This shared appreciation for the environment and people set the tone for the two-day event on May 18 and 19. Local energy issues aren’t always exciting, and it can be difficult to understand things like peak demand and energy storage on your own. By providing participants with background information presented by local experts, and the time and space to deliberate, Itasca County residents faced community challenges head-on and realized exciting, new opportunities.

The Itasca County Energy Dialogue featured 18 residents: 13 participants were randomly selected to reflect the demographics of Itasca County and five were chosen for their role in the local energy economy. Many local leaders were in attendance as well, including the Grand Rapids Mayor, City Council members, and representatives from each of the local utilities.

Participants heard four presentations: A Minnesota energy overview from Stacy Miller representing the Department of Commerce; a rundown of the challenges and opportunities of different energy resources from Zac Ruzycki from Great River Energy; a local utilities panel featuring Julie Kennedy from the Grand Rapids Public Utilities Commission (GRPUC), Luke Peterson from Minnesota Power, and Derek Howe from Lake Country Power; and a presentation on energy impacts on consumers and businesses from retired GRPUC director Tony Ward and Itasca County Commissioner and business owner Burl Ives.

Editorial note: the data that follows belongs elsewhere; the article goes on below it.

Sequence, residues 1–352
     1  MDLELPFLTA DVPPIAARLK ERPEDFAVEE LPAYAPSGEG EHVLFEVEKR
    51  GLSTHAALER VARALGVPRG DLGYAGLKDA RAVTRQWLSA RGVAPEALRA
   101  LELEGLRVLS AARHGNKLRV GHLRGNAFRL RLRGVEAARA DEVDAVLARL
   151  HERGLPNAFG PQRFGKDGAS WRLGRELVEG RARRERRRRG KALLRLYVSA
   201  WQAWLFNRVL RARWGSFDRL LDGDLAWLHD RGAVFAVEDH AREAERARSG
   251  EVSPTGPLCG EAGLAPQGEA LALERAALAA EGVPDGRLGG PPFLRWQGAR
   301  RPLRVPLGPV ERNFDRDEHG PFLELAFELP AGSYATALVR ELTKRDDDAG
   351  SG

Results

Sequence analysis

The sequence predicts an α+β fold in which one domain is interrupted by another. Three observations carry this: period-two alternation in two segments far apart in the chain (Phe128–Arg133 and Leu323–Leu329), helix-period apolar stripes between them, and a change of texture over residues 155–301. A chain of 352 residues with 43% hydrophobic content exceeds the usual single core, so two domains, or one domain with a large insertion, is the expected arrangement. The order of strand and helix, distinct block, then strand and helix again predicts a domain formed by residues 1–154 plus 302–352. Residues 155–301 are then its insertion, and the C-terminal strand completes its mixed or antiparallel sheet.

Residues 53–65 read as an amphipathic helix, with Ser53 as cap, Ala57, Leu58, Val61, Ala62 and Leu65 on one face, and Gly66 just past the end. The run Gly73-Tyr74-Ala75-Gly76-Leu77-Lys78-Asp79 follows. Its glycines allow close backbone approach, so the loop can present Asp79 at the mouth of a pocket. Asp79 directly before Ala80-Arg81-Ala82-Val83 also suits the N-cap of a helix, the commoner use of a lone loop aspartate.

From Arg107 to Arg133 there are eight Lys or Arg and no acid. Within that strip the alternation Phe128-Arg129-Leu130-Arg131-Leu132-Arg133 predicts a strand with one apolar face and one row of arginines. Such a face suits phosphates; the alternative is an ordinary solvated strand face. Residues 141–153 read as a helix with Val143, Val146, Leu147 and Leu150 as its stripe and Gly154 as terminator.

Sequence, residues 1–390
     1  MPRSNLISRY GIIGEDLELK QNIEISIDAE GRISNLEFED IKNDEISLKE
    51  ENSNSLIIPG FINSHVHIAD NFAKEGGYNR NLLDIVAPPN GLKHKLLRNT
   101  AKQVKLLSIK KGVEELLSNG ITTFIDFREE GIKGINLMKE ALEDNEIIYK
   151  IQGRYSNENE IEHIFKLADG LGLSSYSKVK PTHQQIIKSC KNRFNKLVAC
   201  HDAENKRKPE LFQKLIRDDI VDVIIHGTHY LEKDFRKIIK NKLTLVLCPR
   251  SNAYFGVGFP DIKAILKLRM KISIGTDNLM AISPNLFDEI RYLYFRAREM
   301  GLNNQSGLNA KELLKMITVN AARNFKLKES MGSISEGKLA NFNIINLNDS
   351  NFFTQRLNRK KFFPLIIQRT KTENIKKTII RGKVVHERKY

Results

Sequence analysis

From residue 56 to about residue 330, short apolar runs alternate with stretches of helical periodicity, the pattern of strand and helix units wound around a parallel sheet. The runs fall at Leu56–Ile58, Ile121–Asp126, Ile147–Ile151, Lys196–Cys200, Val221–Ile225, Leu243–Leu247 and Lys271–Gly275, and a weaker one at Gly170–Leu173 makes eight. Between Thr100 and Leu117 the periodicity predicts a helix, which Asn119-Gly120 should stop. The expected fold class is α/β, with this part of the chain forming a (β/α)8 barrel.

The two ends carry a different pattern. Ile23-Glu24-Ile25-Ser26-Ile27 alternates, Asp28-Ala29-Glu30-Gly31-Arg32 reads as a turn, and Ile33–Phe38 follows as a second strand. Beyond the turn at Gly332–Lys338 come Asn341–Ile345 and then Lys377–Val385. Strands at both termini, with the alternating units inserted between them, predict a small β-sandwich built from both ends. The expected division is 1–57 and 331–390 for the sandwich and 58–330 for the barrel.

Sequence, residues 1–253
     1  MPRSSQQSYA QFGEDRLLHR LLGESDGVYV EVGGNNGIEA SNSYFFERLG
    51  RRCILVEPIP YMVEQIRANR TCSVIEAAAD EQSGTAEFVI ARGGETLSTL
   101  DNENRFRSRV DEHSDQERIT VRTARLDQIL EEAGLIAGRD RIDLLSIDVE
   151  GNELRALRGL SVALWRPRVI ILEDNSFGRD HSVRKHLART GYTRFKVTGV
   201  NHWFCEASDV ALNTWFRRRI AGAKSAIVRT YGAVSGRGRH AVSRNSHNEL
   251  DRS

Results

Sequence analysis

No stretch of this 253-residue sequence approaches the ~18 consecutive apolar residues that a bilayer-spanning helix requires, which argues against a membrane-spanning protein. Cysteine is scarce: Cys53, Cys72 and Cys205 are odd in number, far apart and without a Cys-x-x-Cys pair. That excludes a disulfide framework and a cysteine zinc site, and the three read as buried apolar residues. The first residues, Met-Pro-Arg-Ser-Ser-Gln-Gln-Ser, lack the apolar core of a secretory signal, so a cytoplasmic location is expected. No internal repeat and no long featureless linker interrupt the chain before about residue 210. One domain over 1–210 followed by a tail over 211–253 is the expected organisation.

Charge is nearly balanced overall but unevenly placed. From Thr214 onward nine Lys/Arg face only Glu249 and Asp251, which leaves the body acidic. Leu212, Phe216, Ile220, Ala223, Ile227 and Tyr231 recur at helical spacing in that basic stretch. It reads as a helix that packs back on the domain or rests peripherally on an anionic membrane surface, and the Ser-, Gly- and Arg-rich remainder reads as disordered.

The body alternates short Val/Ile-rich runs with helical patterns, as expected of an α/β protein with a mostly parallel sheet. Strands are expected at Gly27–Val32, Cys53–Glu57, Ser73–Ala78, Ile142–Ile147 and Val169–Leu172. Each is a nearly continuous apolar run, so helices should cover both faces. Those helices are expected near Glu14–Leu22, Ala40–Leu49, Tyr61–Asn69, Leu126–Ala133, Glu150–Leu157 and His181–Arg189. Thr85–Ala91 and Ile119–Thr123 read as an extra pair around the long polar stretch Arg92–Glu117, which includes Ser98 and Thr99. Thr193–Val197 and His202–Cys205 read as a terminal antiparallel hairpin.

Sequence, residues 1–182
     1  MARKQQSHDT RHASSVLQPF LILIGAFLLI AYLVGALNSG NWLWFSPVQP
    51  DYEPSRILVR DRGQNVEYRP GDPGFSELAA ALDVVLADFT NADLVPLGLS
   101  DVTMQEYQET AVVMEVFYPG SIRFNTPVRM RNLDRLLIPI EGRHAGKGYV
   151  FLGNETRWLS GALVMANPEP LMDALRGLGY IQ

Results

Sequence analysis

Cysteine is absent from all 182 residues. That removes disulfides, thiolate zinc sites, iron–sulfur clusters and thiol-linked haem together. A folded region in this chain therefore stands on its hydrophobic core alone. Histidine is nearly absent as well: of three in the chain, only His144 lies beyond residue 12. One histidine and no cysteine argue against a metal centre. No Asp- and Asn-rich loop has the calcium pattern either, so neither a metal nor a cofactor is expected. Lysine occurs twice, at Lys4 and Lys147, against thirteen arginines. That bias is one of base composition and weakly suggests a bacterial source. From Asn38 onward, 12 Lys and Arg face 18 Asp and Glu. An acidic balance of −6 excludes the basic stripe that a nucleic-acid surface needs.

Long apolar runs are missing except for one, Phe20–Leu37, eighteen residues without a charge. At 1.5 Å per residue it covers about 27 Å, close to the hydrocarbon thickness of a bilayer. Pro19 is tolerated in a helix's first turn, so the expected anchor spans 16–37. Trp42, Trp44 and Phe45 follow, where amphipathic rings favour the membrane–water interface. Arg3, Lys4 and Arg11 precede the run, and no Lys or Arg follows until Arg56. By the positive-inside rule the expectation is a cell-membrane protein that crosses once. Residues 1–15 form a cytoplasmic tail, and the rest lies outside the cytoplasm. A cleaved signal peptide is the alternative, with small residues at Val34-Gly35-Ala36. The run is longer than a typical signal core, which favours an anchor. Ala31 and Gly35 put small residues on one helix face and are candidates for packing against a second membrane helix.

These presentations provided the background information community members needed to start crafting recommendations for the local energy system. Working together through a series of large group and small group drafting sessions, here’s what participants had to say to their neighbors at the end of the dialogue:

As individuals and as a community, we can play an important role in shaping our energy system, especially if everyone is involved. Individuals and businesses can conserve energy and save money by installing LED bulbs and other energy saving devices. Communities can save money for everyone by reducing electricity usage during periods of high demand (peak demand). There are many individuals and groups looking for creative ways to lower energy costs and make our energy system work for our community. It’s on us to get educated and be involved. Knowledge is power!